Ideally (in my opinion of, Incnis Mrsi), it means:
- Community agreed upon which edits are good and which are bad (that doesn’t preclude some grey zone, of course).
- A user making too many non-conforming edits is admonished and has to correct his/her activity, or desist.
- Reviews are performed, en masse, on the grounds of these agreed guidelines, not personal (dis)taste.
- The list of canned rejection reasons is modified accordingly. Better, a reviewer is obliged to enter a custom rejection reason in any borderline case.
- A user making some wrong reviews is admonished and has to correct his/her activity, or desist.
- Review queues do actually run. We can imagine a site where moderators scared reviewers to the point nobody is willing to review; that wouldn’t be a good example.
(At the request from comments: why namely these points? The first is obvious, since guidelines exist in each collaborative project. If guidelines exist, then reviews must follow it, hence the third point. The list of canned rejections seems to be invented by coders, not community consensus, but should serve the community. Points about non-conforming users are also evident, since different humans have different mistake rates, and, additionally, the power corrupts in the case of review. The last point about running is also obvious: a system that denies its job is worse than absence of a system.)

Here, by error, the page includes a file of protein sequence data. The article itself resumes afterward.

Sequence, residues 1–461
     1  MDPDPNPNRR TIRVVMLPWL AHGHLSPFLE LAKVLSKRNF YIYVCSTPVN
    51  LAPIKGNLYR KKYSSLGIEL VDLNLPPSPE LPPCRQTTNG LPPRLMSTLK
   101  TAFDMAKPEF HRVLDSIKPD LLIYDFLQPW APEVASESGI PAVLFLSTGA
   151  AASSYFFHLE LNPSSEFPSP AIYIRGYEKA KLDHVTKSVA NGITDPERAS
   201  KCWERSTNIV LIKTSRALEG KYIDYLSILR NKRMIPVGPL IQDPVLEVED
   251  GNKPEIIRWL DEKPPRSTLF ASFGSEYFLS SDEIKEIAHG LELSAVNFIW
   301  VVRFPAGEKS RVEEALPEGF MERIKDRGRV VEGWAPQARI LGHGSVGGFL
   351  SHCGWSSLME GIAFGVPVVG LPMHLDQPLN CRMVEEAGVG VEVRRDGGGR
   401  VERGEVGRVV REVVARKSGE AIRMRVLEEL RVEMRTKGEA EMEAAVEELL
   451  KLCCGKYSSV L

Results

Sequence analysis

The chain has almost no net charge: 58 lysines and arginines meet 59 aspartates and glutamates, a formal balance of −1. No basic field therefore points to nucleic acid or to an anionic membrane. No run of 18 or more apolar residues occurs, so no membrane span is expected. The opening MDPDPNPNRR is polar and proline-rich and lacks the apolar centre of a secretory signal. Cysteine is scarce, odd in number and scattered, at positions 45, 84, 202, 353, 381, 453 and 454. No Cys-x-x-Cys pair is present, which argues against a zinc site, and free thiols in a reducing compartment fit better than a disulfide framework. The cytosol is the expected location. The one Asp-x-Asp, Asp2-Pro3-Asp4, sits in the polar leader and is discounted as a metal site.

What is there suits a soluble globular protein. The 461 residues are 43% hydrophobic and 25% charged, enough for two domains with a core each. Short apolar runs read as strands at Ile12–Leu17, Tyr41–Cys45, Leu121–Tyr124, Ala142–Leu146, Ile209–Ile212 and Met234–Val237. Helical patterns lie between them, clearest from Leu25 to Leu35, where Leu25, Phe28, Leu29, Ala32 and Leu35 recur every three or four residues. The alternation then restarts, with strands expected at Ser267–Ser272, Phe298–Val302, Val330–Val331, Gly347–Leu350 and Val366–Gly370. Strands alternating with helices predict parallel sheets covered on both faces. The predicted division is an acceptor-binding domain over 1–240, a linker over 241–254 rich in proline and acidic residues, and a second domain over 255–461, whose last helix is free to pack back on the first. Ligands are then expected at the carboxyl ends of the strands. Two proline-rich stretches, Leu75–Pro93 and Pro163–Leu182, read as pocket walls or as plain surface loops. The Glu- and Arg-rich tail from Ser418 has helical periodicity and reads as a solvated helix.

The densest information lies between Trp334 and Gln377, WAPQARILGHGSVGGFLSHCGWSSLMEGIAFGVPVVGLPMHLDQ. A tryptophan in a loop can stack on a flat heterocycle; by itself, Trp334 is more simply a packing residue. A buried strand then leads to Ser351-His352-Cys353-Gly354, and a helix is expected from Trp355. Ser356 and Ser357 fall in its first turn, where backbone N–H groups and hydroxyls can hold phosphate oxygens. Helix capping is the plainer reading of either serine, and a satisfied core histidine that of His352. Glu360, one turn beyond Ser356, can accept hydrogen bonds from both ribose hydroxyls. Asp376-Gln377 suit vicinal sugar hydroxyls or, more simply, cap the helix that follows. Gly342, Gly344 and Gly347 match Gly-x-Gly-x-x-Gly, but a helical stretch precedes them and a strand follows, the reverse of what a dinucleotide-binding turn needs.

Of course, unlikely all these points are currently attained anywhere at Stack Exchange, but, possibly, some sites are trying to reach some good condition.
I found not very much on the problem, only Clear rules on reviewing edits, and Should edits trying to improve the content of an answer be approved? (especially a brilliant answer by hims056). Anyway, it all is more a theory than practice.
Please, don’t tell how the current “review” system is poor in general, and upon edits in particular. We, thinking humans, can easily find hundreds of stories of thoughtlessness, disruption, and frustration on meta sites, caused by it, but the question is about positive examples.